Oklahoma Football: Skepticism about more conference realignment

Syndication: The Columbus Dispatch

Factors are conspiring against more conference realignment in the immediate future.

Following last week’s announcement of USC and UCLA making an earth-shattering move to leave the Pac-12 for the Big Ten, talk immediately moved to the possibility of super conferences taking over college football.

I mentioned previously I’m skeptical that major consolidation is coming in the very near future. Here are a few more considerations

As always, ESPN and FOX are running the show.

A new piece in Awful Announcing laid out the manner in which the rival television networks are driving conference realignment behind the scenes. To be fair, that role essentially involves running the numbers on potential additions to leagues – not all that nefarious. The shot callers in conferences and schools can take it from there.

When you’re coming up with your fanciful scenarios for new configurations of teams in different leagues, keep in mind that ESPN and FOX will have a (big) say in how this process shakes out. Importantly, ESPN has all-in contracts with the SEC and ACC; FOX is aligned with the Big Ten via the conference’s primary rights deal and FOX’s majority ownership of the Big Ten Network. Adding the Trojans and Bruins to the B1G’s football programming inventory signifies FOX’s response to Oklahoma and Texas joining the ESPN-aligned SEC and shows FOX clearly intends to make the B1G the cornerstone of its college football package.

Borrowing from Jules Winnfield, you’ve got to appreciate what an explosive element this Notre Dame situation is.

The Fighting Irish reached an agreement with the ACC in 2012 that helped stabilize the wobbly conference. Tying down ND to play five football games against ACC teams every year was considered important to quelling unrest among some of the league’s more valuable programs. On top of that, the contract locked in the Irish to the ACC if they ever chose to join a conference.

Turns out, though, that ND can walk away from its deal with the ACC for a modest price. If the Irish do decide it’s time to join a conference in football, they automatically become the top expansion candidate on every conference’s wish list. Hence the B1G temporarily declining the advances of Oregon and Washington until the conference has more clarity on ND’s intentions.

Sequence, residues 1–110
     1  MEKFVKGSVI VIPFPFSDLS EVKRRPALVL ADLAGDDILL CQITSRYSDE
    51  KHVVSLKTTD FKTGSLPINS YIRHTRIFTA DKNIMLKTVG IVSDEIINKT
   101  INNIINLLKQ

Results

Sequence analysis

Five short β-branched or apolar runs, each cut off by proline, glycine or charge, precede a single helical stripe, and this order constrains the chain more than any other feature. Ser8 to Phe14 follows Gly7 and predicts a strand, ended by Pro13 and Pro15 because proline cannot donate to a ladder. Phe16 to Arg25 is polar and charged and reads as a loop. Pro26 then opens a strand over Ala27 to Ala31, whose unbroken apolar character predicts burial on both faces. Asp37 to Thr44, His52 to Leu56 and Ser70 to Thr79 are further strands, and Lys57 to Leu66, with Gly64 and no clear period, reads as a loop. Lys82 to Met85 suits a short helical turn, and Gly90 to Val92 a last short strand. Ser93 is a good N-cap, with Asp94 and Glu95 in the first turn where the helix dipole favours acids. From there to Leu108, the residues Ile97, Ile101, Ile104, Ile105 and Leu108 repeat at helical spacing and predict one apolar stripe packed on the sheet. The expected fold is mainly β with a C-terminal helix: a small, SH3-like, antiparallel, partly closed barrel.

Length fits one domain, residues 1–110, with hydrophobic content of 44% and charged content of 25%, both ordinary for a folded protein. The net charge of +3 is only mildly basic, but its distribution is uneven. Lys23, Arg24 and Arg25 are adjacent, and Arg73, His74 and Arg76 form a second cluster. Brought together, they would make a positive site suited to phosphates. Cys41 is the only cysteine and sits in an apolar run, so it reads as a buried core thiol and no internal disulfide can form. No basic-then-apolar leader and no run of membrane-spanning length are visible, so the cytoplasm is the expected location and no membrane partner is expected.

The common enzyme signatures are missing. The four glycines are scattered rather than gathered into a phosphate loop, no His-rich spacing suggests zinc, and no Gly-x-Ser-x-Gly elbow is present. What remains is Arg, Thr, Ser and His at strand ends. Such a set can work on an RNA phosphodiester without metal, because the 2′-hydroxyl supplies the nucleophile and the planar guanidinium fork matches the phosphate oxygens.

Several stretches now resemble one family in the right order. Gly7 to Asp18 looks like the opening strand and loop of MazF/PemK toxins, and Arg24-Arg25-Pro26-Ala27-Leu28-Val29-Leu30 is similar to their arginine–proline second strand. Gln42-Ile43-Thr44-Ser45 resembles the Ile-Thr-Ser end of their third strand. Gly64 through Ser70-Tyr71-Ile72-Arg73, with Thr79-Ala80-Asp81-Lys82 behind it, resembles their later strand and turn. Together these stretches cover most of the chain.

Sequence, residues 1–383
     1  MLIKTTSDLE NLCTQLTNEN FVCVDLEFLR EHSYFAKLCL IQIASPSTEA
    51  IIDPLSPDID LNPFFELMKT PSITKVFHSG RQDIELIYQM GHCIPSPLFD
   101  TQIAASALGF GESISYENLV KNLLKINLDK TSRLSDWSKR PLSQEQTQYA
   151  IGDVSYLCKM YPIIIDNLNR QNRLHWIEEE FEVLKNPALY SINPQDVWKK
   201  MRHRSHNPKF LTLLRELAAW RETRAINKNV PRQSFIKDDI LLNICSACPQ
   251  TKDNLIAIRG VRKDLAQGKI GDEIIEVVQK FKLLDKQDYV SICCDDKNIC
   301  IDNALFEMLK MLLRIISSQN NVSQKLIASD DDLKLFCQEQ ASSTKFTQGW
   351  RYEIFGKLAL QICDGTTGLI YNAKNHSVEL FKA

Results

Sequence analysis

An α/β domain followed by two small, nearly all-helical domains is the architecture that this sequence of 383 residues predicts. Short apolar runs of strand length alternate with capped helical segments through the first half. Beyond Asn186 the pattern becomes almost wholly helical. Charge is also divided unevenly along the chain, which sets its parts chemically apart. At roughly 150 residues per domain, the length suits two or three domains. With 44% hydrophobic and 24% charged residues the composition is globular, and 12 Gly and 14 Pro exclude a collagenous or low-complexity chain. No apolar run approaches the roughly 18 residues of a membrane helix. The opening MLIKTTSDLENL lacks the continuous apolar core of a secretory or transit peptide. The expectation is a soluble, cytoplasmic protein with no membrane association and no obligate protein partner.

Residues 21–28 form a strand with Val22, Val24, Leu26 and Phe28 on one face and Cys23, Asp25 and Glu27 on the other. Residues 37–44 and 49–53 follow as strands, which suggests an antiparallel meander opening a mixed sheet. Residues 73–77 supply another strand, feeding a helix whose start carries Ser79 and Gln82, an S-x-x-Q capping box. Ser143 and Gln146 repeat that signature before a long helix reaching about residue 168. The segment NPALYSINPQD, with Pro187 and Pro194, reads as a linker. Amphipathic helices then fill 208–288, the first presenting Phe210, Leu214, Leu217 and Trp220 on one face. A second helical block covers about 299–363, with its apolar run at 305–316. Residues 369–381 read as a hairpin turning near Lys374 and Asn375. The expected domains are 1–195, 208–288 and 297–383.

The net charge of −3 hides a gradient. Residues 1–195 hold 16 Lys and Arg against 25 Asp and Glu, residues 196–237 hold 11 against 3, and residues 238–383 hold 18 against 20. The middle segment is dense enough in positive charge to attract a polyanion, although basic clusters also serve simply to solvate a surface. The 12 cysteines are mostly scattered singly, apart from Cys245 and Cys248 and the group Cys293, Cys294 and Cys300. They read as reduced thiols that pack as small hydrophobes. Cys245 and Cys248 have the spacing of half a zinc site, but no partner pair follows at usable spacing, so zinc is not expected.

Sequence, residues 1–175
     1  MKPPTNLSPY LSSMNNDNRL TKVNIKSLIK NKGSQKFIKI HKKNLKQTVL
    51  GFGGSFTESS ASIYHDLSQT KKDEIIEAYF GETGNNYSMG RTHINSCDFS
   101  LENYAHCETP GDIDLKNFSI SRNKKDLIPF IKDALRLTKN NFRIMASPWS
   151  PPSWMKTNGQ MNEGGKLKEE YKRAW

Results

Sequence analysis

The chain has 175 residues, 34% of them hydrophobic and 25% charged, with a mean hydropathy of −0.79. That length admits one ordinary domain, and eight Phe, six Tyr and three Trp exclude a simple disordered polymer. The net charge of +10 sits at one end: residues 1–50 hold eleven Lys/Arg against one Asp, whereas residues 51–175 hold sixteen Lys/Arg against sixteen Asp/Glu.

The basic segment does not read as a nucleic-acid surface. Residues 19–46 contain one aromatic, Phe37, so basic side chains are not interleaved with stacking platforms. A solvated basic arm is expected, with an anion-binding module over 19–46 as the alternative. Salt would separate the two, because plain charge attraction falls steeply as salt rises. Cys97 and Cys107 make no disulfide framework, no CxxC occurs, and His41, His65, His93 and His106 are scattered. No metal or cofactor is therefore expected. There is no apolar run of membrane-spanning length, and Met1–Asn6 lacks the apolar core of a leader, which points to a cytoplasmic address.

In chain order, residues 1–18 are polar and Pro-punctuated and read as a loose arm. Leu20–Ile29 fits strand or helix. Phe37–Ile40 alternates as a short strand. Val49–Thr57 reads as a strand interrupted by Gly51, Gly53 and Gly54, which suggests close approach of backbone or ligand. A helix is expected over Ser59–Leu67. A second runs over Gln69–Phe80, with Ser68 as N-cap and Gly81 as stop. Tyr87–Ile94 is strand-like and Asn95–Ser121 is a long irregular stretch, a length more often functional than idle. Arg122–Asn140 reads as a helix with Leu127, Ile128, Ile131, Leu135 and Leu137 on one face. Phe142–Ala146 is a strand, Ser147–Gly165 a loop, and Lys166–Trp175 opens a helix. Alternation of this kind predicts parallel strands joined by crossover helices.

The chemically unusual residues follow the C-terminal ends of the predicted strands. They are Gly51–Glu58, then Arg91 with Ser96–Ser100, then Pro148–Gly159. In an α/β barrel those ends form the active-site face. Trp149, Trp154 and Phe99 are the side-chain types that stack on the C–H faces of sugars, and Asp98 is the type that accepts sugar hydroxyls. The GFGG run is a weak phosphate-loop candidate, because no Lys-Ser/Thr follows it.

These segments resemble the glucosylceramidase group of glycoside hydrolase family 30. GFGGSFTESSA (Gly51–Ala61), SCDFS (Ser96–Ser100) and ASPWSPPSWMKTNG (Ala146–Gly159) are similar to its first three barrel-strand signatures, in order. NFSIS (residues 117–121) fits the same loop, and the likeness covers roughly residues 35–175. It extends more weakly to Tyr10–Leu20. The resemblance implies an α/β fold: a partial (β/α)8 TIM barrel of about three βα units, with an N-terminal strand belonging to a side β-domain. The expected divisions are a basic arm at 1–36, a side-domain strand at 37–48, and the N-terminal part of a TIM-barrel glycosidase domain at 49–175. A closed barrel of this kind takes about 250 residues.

In the next few weeks, what happens if we wake up to the news that Notre Dame is joining the Big Ten as a full member?

It could trigger the collapse of the ACC. I say “could” because – returning to an earlier point – ESPN owns the ACC. The Worldwide Leader in Sports is definitely going to try to throw up roadblocks to keep any schools it wants in its fold from defecting to a FOX-owned conference. Note that the ACC has a grant of rights ($) in place through 2036.

The SEC has no reason to rush into anything at this point.

The suggestion that the SEC would have an interest in adding teams from the ACC doesn’t really add up to me. From a defensive perspective, the prospect of the B1G scooping up any ACC schools seems complicated by the aforementioned ESPN factor. The ACC schools that match the B1G’s preferred academic profile don’t necessarily bring much to the table in terms of TV revenue, either:

  • Georgia Tech;
  • North Carolina;
  • Pittsburgh;
  • Virginia; and
  • Duke.

Then there are the downsides for the current SEC members. Why elevate programs like Clemson and Florida State if the B1G isn’t courting them?

As the ACC’s contract with ESPN nears its end point, the SEC picking up a few of its teams might make more sense. But probably not at this particular moment.